Place your seeded trays under the lights, ensuring there is a catchment tray underneath to keep water off the floor. Plug in the lights and set the timer for one to four hours per day. Monitor the seedling growth and the amount of light in the area. 

This video includes a great visual of what grow lights look like and how to choose the best ones:

Water

Close-up of a gardener's hand spraying a starter tray of freshly planted seeds with a spray bottle. The spray bottle is plastic, white with a red spray nozzle.
Avoid displacing seeds by adopting bottom watering or using a gentle fan nozzle.

Seeds obviously need moisture to germinate and grow, but most gardeners overlook how they water their seedlings. If you blast water onto a freshly seeded tray, the seeds can become displaced. If you flood a seeded container with a big dump of water from a bucket or watering can, the seeds may float away. Overwatering can cause fungal issues.

There are two solutions to these problems:

  • Bottom watering: Seed trays can be placed in a bottom catchment tray filled with water so they suck moisture up from the roots, preventing overwatering.
  • Fan nozzle watering: Distributing water lightly over the soil surface, more like rain, makes it easy to irrigate without harming the newly emerged baby plants.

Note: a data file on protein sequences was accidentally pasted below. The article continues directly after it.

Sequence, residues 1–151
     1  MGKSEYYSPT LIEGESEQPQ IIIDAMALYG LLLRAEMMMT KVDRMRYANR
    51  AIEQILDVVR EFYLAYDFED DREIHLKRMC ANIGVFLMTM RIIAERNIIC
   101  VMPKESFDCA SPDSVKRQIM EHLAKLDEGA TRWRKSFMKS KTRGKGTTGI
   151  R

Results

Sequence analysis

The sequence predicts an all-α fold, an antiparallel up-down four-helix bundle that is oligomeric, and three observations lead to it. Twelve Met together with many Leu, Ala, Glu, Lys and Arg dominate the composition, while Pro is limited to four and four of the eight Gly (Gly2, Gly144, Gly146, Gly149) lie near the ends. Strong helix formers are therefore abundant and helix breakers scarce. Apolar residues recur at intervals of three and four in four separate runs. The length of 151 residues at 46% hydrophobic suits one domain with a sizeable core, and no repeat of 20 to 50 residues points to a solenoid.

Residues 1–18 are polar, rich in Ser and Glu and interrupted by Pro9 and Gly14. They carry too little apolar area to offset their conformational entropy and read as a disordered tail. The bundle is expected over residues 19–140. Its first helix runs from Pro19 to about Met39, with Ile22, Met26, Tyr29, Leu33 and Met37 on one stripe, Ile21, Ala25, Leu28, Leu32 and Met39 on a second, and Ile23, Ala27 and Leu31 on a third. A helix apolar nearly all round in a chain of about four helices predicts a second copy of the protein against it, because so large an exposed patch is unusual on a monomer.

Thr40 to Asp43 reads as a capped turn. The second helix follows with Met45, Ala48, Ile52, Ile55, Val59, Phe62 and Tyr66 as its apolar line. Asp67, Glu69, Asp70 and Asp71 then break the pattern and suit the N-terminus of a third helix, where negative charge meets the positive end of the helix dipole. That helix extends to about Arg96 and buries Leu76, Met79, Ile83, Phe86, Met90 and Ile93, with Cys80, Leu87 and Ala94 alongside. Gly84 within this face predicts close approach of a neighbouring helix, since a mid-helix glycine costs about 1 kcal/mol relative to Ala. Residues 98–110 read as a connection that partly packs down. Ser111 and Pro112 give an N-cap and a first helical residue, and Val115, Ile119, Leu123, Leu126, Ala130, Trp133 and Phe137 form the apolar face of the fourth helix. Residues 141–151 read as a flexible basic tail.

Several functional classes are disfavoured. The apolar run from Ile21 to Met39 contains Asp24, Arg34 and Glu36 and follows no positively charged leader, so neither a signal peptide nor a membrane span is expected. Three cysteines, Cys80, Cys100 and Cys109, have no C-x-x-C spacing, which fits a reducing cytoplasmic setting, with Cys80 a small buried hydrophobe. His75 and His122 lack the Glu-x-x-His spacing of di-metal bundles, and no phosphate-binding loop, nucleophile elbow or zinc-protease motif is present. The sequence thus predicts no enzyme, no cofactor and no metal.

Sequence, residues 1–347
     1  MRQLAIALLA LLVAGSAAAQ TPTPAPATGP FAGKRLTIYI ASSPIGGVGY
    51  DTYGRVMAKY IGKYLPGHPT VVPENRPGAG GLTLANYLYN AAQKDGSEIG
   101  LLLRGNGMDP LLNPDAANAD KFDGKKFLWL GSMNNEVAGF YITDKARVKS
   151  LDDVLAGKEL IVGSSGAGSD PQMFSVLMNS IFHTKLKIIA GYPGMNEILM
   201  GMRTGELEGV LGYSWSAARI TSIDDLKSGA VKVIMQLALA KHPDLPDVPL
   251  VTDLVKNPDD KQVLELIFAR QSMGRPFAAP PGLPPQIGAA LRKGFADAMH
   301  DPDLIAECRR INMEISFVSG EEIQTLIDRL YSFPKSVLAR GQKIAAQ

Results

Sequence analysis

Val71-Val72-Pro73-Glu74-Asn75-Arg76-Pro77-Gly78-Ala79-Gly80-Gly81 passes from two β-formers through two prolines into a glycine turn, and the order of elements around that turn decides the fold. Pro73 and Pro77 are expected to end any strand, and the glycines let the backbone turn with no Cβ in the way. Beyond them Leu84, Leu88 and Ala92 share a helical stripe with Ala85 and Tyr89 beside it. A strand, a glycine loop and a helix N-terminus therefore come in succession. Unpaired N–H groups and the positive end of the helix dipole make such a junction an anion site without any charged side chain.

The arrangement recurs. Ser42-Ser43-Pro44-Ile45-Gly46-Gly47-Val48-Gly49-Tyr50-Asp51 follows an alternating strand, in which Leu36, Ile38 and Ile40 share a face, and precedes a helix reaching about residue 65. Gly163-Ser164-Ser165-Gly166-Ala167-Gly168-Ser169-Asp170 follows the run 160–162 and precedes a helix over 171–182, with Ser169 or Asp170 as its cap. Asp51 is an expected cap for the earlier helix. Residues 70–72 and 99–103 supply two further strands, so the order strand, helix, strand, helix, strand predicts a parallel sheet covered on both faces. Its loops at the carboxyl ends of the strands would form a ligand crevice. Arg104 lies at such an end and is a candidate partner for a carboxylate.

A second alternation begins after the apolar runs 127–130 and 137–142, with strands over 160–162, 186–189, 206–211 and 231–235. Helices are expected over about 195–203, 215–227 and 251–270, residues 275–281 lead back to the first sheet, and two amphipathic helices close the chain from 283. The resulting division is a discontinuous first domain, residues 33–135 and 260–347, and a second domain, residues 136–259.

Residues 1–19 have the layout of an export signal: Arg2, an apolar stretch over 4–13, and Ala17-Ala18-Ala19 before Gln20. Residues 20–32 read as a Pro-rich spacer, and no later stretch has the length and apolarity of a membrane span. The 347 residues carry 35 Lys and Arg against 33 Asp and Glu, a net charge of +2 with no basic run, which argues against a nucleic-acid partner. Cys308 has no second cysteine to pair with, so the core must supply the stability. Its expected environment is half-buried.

Dramm Touch‘N Flow Revolver Spray Gun

Dramm Touch‘N Flow Revolver Spray Gun
  • Versatile Watering Options
  • Nine Distinct Spray Patterns
  • Durable Construction
  • Ergonomic Handle Design
  • Smooth and Quick Pattern Changes
  • Lifetime Guarantee
View at Epicgardening.com

An adjustable spray gun like this Dramm Touch’N Flow is the most multifunctional for garden use. Never blast your seed trays with moisture. Instead opt for a steady flow that mimics rainfall and keeps the soil in place.

Heating

Close-up of seedlings growing in soil blocks in a starter tray under a plastic dome to keep the environment moist. The soil is moist and black. The seedlings are small stems with a pair of tiny cotyledons.
Maintain a warm seedling area with ambient temperatures of 60-75°F (18-21°C) and soil temperatures appropriate for germination.

Warmth is crucial for seed-starting success. If your seedling area isn’t warmer than outside, there is really no point in starting seeds in advance. There are two main temperatures you need to pay attention to:

  • Ambient temperature: Most vegetable seedlings prefer 60-75°F (18-21°C) room temperatures until they develop true leaves, harden off, and transplant into the garden
  • Soil temperature: Soil temperature is crucial for successful germination and ranges from 50°F (10°C) for cool-weather seeds to up to 95° (35°C) for warm-weather vegetables